The Gotthard Base Tunnel: LafargeHolcim solutions for the world's longest railway tunnel

At 57 km long, the Gotthard Base Tunnel in Switzerland is the world’s longest railway tunnel and a key component of the New Transapline Railway, one of the largest environmental protection projects in Europe. Passing directly under the Gotthard Mountain, this substantial development will enable a fast, efficient link for passengers and freight moving between Zurich and Milan. By providing unique solutions and tunneling expertise to the challenges generated by such an enormous undertaking, LafargeHolcim has enabled the successful implementation of the project and created considerable value for its client.

 

The New Transalpine Railway (German abbreviation: Neat) is a Swiss centennial project and one of the largest environmental protection projects in Europe. Switching some of the passenger and freight transport from road to rail is expected to save environmental costs of CHF 130 million each year. The two base tunnels at the Gotthard and Ceneri are at the heart of these efforts. The Gotthard Base Tunnel will be officially opened on June 1, 2016, and regular transport will begin in December 2016. At 57 kilometers, it constitutes a new chapter in the history of significant infrastructure construction and breaks a number of world records:

  • the longest tunnel to date, with two single track tubes stretching between the north portal in Erstfeld - through Amsteg, Sedrun and Fadio - and the south portal in Bodio, each 57 km long. Taking into account all cross-passages, access tunnels, and shafts the total length of the tunnel system is almost 152 km
  • the deepest railway development with a rock overburden of 2300 m. 
Gotthard Base Tunnel scope of work

LafargeHolcim’s scope of work

For the Bodio and Fadio sections of the tunnel, LafargeHolcim provided an integrated solution with materials possessing the high level of durability required to last for the expected 100 year life span of the project. It included:

  • High-tech concrete: LafargeHolcim supplied the total volume of 1.3 million m3 for the Bodio and Faido sections of the tunnel through two RMX plants. The Group also designed the high-tech RMX and increased its setting time from six hours to eleven, doubling the transportation distance of RMX into the tunnel by rail, thus rendering the building of a further RMX plant unnecessary. Finally, in order to make it possible for trains to hurtle through the Gotthard Base Tunnel at the planned speed of 250 kilometers per hour, a customized concrete formula was devised in advance and used to create the tunnel's perfectly positioned slab track.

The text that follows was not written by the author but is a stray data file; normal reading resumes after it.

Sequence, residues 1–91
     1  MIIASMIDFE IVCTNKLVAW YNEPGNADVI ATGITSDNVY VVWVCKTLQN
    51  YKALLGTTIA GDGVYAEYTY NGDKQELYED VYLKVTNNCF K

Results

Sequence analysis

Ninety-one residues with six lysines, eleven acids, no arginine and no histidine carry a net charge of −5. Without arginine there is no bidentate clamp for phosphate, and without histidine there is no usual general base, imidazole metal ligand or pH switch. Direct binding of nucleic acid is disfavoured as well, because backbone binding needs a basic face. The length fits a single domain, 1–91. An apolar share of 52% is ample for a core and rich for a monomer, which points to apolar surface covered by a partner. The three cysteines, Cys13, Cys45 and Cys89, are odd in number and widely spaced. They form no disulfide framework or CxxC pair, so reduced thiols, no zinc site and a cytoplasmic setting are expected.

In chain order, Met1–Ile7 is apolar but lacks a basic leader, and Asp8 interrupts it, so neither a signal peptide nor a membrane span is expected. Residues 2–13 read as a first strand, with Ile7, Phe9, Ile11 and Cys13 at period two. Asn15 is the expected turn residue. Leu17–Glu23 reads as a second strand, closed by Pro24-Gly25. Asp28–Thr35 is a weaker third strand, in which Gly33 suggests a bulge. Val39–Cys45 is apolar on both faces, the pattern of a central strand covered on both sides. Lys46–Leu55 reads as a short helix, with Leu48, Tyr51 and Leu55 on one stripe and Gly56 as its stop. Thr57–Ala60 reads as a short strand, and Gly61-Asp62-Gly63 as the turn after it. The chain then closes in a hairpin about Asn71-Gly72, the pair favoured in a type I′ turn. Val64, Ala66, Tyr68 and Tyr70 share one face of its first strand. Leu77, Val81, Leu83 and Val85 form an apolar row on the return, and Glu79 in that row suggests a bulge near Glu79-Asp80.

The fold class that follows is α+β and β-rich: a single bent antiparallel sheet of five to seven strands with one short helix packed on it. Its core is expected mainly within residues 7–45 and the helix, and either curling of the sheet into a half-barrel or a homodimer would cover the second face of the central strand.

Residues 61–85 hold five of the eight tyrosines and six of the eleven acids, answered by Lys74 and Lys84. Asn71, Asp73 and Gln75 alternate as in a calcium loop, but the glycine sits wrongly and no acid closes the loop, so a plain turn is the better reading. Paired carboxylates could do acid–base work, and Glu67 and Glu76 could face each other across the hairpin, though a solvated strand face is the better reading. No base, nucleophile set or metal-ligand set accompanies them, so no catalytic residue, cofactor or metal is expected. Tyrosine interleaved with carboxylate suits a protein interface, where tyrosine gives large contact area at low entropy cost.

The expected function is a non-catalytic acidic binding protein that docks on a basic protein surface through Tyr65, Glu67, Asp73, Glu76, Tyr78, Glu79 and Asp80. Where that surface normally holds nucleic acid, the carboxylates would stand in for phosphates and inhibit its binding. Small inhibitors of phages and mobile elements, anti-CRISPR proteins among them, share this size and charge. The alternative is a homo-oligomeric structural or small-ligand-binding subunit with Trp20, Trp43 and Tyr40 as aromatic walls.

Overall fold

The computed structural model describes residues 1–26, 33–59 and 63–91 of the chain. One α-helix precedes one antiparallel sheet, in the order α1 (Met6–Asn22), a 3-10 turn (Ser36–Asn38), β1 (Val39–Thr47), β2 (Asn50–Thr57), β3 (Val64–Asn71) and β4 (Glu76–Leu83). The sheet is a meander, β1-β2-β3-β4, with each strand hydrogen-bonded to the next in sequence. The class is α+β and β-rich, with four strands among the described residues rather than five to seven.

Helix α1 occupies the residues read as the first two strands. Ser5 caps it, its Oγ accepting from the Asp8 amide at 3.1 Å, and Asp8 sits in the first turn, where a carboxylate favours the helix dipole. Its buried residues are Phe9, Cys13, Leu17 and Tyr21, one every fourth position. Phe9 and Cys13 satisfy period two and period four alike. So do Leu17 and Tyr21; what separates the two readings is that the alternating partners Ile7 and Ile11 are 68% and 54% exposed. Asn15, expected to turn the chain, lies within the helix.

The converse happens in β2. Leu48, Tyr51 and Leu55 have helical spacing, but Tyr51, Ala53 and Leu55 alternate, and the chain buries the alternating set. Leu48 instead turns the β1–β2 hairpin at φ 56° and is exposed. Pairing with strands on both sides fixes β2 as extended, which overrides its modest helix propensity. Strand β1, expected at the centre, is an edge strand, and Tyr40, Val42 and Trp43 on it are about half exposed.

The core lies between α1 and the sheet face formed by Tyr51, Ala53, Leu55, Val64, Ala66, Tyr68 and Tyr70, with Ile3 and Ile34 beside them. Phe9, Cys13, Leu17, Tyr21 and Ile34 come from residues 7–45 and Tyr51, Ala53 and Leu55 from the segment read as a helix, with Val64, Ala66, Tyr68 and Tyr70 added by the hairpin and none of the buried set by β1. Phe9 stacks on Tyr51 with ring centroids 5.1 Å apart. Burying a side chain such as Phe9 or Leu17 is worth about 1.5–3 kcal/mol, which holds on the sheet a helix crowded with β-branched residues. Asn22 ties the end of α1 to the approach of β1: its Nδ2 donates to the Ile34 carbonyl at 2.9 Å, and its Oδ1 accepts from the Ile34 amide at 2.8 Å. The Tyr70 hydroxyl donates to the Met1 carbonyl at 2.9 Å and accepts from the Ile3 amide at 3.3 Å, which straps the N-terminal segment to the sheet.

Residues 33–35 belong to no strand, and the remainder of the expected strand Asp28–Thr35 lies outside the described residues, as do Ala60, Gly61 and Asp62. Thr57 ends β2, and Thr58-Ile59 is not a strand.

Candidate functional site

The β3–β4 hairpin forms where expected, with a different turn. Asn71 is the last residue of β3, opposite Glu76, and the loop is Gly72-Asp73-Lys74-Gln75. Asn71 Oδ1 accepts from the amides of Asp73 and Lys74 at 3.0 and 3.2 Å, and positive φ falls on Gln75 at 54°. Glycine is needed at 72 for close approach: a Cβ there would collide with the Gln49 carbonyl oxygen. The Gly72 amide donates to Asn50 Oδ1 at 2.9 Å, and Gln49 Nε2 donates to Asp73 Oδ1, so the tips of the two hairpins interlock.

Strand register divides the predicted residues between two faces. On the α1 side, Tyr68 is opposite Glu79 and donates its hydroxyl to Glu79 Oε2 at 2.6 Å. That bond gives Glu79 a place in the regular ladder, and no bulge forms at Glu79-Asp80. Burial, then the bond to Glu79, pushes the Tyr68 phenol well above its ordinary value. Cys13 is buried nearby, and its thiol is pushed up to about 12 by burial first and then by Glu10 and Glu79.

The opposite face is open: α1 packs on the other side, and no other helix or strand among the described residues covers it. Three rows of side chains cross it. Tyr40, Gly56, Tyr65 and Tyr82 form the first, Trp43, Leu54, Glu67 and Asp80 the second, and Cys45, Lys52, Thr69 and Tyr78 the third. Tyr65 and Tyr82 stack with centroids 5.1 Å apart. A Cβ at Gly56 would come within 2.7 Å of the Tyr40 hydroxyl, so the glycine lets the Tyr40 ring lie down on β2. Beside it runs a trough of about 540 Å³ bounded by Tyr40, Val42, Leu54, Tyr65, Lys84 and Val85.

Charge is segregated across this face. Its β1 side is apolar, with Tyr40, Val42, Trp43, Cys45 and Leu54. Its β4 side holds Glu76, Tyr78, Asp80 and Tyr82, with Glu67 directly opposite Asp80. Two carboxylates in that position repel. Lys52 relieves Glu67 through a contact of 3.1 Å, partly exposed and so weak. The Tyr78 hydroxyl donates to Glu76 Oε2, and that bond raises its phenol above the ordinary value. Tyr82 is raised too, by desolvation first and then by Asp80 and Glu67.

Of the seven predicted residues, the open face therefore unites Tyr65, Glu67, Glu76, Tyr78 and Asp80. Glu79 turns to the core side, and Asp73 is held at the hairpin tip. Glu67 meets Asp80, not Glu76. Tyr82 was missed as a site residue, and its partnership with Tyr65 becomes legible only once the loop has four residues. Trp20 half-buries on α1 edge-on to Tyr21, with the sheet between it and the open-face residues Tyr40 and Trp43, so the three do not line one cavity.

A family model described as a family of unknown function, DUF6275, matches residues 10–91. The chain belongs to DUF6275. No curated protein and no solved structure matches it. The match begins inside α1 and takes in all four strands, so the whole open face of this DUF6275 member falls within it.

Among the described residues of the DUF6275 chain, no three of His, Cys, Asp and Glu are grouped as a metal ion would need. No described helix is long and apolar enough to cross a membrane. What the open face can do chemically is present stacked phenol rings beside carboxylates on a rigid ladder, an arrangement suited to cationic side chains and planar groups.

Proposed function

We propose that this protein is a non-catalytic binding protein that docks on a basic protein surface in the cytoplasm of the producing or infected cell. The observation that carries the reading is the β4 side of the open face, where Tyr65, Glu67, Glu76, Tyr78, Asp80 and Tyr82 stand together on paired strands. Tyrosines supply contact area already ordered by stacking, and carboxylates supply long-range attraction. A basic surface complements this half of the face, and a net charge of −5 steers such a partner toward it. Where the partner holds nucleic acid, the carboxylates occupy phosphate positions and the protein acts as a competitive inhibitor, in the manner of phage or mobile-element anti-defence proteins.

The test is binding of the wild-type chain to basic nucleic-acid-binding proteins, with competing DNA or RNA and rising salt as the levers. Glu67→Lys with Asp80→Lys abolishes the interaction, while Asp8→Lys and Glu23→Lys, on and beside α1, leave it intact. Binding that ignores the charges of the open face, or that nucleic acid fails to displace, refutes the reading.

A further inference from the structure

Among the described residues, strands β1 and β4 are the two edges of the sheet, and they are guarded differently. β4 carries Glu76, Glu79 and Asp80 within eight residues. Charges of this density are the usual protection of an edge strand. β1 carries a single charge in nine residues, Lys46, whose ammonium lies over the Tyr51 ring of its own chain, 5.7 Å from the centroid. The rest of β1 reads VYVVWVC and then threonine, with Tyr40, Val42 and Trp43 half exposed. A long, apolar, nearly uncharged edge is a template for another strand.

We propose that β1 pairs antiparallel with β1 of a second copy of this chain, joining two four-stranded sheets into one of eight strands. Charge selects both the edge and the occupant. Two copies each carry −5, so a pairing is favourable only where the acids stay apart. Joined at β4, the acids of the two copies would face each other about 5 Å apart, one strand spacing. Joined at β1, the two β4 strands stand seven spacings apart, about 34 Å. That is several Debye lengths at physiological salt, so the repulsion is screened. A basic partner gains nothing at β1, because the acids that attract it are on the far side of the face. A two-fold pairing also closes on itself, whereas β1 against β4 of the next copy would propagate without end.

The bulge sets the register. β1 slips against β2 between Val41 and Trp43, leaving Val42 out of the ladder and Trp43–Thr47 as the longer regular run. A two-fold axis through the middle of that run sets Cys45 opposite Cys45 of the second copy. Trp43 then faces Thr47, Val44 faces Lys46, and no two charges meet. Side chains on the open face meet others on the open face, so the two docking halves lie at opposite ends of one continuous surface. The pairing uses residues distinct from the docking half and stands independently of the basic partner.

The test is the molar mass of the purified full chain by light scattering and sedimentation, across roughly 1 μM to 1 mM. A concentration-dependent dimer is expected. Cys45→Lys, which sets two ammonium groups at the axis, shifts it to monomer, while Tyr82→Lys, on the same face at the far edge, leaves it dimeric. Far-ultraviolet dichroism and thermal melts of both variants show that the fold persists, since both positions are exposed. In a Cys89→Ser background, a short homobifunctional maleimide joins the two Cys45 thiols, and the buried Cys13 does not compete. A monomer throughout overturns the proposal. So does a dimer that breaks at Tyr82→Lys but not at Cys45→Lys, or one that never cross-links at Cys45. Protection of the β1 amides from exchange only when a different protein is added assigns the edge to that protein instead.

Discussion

• Recycled aggregates: 100% of the required aggregates for concrete come from the recycling of the excavated material, thus limiting the amount of primary aggregate resources. LafargeHolcim also installed microwave sensors and a heating system to control the relative moisture, temperature and quality of the recycled aggregates.
  • Cement: LafargeHolcim delivered 400,000 tons of cement for the project. Two types of cement have been used for the tunnel profiles at Bodio and Faido, with CEM II/A-D 52.5 R being used for the floor, inner shell of the profile, and shotcrete, and CEM II/A-L 42.5 R for the filling, bench, and shotcrete.
  • Rail-based logistics: One of the requirements laid down by the client was for at least 90% of the materials to be delivered by train. LafargeHolcim provided superior logistical capabilities through its rail linked cement plants in Siggenthal, Untervaz and Eclépens. LafargeHolcim also took part in designing special RMX rail cars traveling 30 km through the tunnel.
Gotthard AlpTransit connecting Zurich to Milan

Project benefits

Once the New Transalpine Railway is completed in 2016, it is expected to provide many benefits for the region and its inhabitants: 

  • Travel time saving: The New Transalpine Railway should allow a reduction in journey time of one hour between Zurich and Milan for passengers and goods. 
  • Additional revenues: It is expected that this in combination with additional ticket sales of CHF 78 million and the CHF 76 million in revenue resulting from goods transportation will generate an annual return of CHF 400 million a year. 
  • Environment preservation: By switching to some of the passenger and freight transport from road to rail, Switzerland is implementing one of Europe’s largest environmental protection projects. The conservation of the delicate alpine environment through reduced road traffic should reduce environmental costs by CHF 130 million annually.
 
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